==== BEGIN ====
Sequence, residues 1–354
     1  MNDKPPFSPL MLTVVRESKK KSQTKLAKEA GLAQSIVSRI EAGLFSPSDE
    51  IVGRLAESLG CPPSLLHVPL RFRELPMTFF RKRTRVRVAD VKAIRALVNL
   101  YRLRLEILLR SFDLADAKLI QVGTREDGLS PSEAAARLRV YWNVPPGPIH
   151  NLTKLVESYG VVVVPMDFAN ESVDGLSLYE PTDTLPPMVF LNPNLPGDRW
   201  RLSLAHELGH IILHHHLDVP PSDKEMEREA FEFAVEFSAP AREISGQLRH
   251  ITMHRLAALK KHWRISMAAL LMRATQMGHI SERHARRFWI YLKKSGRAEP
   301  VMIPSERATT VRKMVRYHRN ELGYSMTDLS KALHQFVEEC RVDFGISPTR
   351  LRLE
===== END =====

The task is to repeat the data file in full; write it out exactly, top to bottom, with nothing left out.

Sequence, residues 1–354
     1  MNDKPPFSPL MLTVVRESKK KSQTKLAKEA GLAQSIVSRI EAGLFSPSDE
    51  IVGRLAESLG CPPSLLHVPL RFRELPMTFF RKRTRVRVAD VKAIRALVNL
   101  YRLRLEILLR SFDLADAKLI QVGTREDGLS PSEAAARLRV YWNVPPGPIH
   151  NLTKLVESYG VVVVPMDFAN ESVDGLSLYE PTDTLPPMVF LNPNLPGDRW
   201  RLSLAHELGH IILHHHLDVP PSDKEMEREA FEFAVEFSAP AREISGQLRH
   251  ITMHRLAALK KHWRISMAAL LMRATQMGHI SERHARRFWI YLKKSGRAEP
   301  VMIPSERATT VRKMVRYHRN ELGYSMTDLS KALHQFVEEC RVDFGISPTR
   351  LRLE